Determining Your Due Date Without Ultrasound

Determining Your Due Date Without Ultrasound
So, you don't have a last period date to go on, or you're cycles are irregular enough to not know which end is up. How do you know how pregnant you are? Is ultrasound the last resort, the only way? For so many women it is, and many doctors insist on routine ultrasound when there isn't a period date to go on. But for those opposed to ultrasound (or for those just wanting that first pregnancy challenge) there is another way.

First of all, dating a pregnancy by ultrasound isn't perfect.

The farther along you are, the supposedly less accurate the dating of your baby is. If you're seeing a doctor or midwife with protocol about how many weeks they can let your pregnancy go (for many it isn't much past 40 weeks), then you don't want to take the chance that your due date is incorrect. You could unnecessarily face pressure about induction, or other issues that concern doctors about “postdate” pregnancies. On the flip side, if your due date is put too early and you are pressured to induce for whatever reason, you could wind with a preterm baby, which is no fun either. The bottom line is this- it is worth it to you to put together all the clues you can about your own pregnancy and conception. Here are some ideas to help you figure an accurate due date. Keep in mind that this often requires patience, because some of the “signs” aren't perceptible until a little later in pregnancy.

- Last bleeding, to determine if it was a normal menstrual period or lighter bleeding which may have been implantation bleeding. Plus, menstrual history in general, length of cycles, etc. Even if you know nothing about charting your cycles, anything you might have noticed about your body, along with any suspected dates of conception.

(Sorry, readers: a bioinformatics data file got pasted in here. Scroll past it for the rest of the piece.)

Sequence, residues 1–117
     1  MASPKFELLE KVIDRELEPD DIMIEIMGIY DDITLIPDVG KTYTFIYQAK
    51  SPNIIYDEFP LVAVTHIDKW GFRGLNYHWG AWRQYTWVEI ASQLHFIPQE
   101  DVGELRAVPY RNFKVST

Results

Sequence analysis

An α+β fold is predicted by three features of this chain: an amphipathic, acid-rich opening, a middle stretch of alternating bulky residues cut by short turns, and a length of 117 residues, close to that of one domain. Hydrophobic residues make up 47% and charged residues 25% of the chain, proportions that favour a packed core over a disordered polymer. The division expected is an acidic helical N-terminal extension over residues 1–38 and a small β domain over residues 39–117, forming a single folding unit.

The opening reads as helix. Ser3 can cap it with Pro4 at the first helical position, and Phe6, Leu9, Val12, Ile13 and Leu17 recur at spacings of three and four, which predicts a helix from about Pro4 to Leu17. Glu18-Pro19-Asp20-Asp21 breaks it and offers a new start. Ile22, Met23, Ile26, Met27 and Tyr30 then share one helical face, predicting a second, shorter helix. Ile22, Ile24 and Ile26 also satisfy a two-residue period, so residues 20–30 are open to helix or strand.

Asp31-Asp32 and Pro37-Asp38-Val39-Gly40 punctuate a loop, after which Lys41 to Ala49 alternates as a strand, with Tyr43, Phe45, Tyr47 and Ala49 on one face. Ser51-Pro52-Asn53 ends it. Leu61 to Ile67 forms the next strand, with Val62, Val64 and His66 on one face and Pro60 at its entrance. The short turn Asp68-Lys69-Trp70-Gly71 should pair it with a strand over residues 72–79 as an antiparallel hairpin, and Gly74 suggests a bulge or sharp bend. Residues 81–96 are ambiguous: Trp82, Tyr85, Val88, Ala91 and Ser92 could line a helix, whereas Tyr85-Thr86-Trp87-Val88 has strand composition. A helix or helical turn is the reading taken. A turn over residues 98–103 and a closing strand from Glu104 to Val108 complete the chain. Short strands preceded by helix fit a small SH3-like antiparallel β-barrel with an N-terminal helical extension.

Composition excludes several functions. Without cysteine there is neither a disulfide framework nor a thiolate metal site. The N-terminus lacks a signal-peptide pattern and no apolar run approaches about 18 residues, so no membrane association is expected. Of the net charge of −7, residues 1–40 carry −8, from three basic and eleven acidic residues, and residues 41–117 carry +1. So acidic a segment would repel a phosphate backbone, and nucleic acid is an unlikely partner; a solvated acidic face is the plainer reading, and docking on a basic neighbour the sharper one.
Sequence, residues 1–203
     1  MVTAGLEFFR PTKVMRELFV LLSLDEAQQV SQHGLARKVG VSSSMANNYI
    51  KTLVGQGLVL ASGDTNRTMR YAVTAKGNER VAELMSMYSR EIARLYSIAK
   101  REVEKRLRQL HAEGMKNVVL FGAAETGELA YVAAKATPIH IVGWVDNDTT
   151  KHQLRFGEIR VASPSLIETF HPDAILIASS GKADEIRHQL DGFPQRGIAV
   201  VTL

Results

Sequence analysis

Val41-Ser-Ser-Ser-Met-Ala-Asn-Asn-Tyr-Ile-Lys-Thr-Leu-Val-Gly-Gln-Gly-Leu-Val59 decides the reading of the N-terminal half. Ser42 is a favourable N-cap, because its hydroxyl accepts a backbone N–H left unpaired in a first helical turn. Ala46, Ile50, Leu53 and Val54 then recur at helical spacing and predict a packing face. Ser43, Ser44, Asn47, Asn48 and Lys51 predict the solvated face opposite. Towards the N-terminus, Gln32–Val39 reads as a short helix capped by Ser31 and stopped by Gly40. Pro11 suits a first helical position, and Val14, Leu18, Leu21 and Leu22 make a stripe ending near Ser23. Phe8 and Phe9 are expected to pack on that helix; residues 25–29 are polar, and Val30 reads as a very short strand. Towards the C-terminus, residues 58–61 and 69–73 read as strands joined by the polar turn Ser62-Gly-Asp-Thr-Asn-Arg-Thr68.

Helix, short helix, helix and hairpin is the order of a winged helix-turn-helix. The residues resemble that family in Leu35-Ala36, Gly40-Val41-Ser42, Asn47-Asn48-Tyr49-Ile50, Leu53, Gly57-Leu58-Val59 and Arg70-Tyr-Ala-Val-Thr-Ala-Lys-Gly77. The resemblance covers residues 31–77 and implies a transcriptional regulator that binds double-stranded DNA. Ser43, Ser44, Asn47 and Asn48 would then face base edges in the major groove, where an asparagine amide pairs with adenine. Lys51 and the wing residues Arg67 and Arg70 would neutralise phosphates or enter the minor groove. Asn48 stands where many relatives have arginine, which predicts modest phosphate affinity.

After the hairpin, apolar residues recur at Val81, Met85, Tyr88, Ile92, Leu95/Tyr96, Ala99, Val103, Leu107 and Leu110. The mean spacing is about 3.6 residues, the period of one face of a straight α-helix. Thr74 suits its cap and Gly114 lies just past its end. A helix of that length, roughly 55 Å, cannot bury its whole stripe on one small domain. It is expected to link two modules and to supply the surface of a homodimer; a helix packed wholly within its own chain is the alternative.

- beginning or ending of any pregnancy symptoms like nausea, vomiting, etc.

- date of any pregnancy tests taken and results (most tests positive at about 4 weeks pregnancy)

- whether your baby's heartbeat can be heard with a fetoscope (usually not until about 16-17 weeks if you've had a baby before, not until almost 20 weeks if you are a first-timer)

- when your baby's heartbeat can be heard with a Doppler (as early as 9-10 weeks if you've had a baby before, a few weeks later for first-timers)

- measuring the height of your uterus, although this can vary from person to person and isn't really accurate until about 20 weeks. Compare to previous pregnancies if possible.

- cervix will change and soften between 6-10 weeks and will be visibly purplish upon exam!

- how your uterus feels, from the outside (can feel it start to protrude out of the pubic bone at 12 weeks) and the inside (feels larger than normal by 7 weeks).

- your report of any fluttering, or fetal movement. The type of movement can help determine how far along you are as well, as kicks come later when bones are developing and getting stronger.

You can always resort to ultrasound later if there are facts that just don't line up or if anything seems unusual for the date you have.






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